I’m not saying that the collection is bad, in fact it’s good- but maybe that’s the problem. With a house like Christian Dior & all the glamour of the house legacy- we don’t want good, we want fucking great. Where is the glamour? There was no allure, there was no theatricality, no spark & no sense of excitement in the collection that made you say to yourself, “this. is. fashion.” – of the looks that were presented, you were left wanting more & not in a ‘this is too good’ type of hunger but a longing the sense of, “that’s it?” I would rather have had 5 amazing looks that can live up to the Dior couture standard, rather than seeing plenty of watered down gowns with no embellishment, no show stopping elements. When thinking of other collections that will be presented this couture season, i wonder- where is the house going? What direction are they taking? I’m all for simplifications but i understand the demands for drama, the thirst for theatricality & the calling out for true couture. We’re looking for couture that fucks with our brains & makes us ask ourselves- “how does beauty this intense even exist?” – we did not find that here & im fearful of when we will, ever again with the house of Christian Dior.

Posted at 11:50pm and tagged with: Dior, dior haute couture, haute couture, raf simons, john galliano, fashion, opinion,.

Atelier Versace Spring/Summer 2014

Picture Grace Jones in one of her iconic hoods. That’s what Donatella Versace did as she was designing her new Atelier Versace collection. “She left a sign as a strong, powerful woman, a power goddess,” Versace said of Jones before the show. “I wanted to embody that.” Versace set about her glam salute by combining the body-con silhouettes that are essential to the house DNA with more fluid draping.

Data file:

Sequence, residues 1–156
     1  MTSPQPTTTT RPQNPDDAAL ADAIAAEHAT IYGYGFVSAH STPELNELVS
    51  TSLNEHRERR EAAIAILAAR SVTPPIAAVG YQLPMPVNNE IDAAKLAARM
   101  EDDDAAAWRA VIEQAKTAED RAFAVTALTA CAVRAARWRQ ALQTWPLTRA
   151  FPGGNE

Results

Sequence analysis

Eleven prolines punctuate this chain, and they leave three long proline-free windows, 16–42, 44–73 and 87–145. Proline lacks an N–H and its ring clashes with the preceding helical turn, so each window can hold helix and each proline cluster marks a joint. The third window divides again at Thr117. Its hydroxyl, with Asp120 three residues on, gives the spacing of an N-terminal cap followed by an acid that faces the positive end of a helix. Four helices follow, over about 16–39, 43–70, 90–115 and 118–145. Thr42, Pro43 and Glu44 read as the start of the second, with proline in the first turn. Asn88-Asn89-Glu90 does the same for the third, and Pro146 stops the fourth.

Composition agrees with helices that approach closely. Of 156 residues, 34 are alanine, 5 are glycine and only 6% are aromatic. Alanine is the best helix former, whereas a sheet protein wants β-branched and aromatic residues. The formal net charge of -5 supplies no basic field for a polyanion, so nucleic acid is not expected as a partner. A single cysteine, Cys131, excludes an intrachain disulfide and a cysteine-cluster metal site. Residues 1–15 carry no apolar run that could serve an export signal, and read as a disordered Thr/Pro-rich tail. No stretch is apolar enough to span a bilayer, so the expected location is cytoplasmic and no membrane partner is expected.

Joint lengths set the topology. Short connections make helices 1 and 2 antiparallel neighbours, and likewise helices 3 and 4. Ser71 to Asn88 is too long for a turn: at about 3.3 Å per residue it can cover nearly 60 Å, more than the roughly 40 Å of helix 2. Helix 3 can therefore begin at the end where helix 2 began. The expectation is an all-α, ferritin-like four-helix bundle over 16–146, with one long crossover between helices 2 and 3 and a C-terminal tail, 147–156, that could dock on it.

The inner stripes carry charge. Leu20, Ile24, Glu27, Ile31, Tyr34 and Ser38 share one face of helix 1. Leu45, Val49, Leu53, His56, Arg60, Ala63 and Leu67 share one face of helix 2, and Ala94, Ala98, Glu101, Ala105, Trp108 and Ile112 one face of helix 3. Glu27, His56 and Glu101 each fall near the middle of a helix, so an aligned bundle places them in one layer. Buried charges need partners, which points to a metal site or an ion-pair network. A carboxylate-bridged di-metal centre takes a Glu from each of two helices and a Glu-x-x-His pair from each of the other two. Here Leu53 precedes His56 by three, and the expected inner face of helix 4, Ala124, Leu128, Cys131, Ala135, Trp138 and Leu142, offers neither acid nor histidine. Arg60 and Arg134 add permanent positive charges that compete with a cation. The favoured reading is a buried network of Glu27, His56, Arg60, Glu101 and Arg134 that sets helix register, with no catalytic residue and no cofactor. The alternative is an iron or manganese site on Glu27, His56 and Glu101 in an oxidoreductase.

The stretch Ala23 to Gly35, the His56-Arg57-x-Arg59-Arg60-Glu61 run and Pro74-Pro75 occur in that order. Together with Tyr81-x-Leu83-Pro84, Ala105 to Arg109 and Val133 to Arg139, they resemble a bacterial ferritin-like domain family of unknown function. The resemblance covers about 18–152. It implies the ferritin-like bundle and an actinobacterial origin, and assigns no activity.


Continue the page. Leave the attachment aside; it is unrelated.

Fashion is trending toward easier, more relaxed silhouettes at the moment, and Donatella may be keying into that, but if her designs here were liberated, they were fierce in a way that will be familiar to the label’s followers. Take the opening tailleur. The skirt was draped black silk jersey studded with a grid of Swarovski crystals, but the jacket was as structured as a suit of armor, its rhinestone-embroidered hood conjuring Ingrid Bergman as Joan of Arc as much as it did Jones.

As it happens, Azzedine Alaïa, the man who first put Jones in a hooded dress, was watching in the audience tonight. But this collection was all Donatella, with the anatomical seaming on cocktail dresses picked out in stone and outlined in tiny metal chains, and geometric back cutouts flanking a lacing detail that ran up the spine. Graphic tattoo motifs were stitched in crystals onto the sheer tulle of a top worn with a very un-Versace voluminous ball skirt. “Tattoos are a new form of art, a less elitist one that everybody knows,” said Donatella of the impulse. Other embellishments were more understated, or if not understated, at least more personal. Donatella certainly relished pointing out the cropped black Perfecto that closed the show. Made from tiny pieces of leather sewn onto georgette, the jacket weighed next to nothing, a feat only a couture atelier could pull off. It was the signal achievement of the collection, and there were certain elements in the crowd that would’ve liked to see more along those lines.

In the end, though, it will be the flash and bang of slinky red-carpet numbers in acid green, orange, and purple, their corset waists embroidered in glass beads, with bare legs flashing, that will provide the collection’s most-tweeted images.
—Nicole Phelps

Posted at 1:09pm and tagged with: Versace, atelier versace, fashion illustration, fashion, haute couture, sketch,.

Atelier Versace Spring/Summer 2014

Picture Grace Jones in one of her iconic hoods. That’s what Donatella Versace did as she was designing her new Atelier Versace collection. “She left a sign as a strong, powerful woman, a power goddess,” Versace said of Jones before the show. “I wanted to embody that.” Versace set about her glam salute by combining the body-con silhouettes that are essential to the house DNA with more fluid draping.

Fashion is trending toward easier, more relaxed silhouettes at the moment, and Donatella may be keying into that, but if her designs here were liberated, they were fierce in a way that will be familiar to the label’s followers. Take the opening tailleur. The skirt was draped black silk jersey studded with a grid of Swarovski crystals, but the jacket was as structured as a suit of armor, its rhinestone-embroidered hood conjuring Ingrid Bergman as Joan of Arc as much as it did Jones.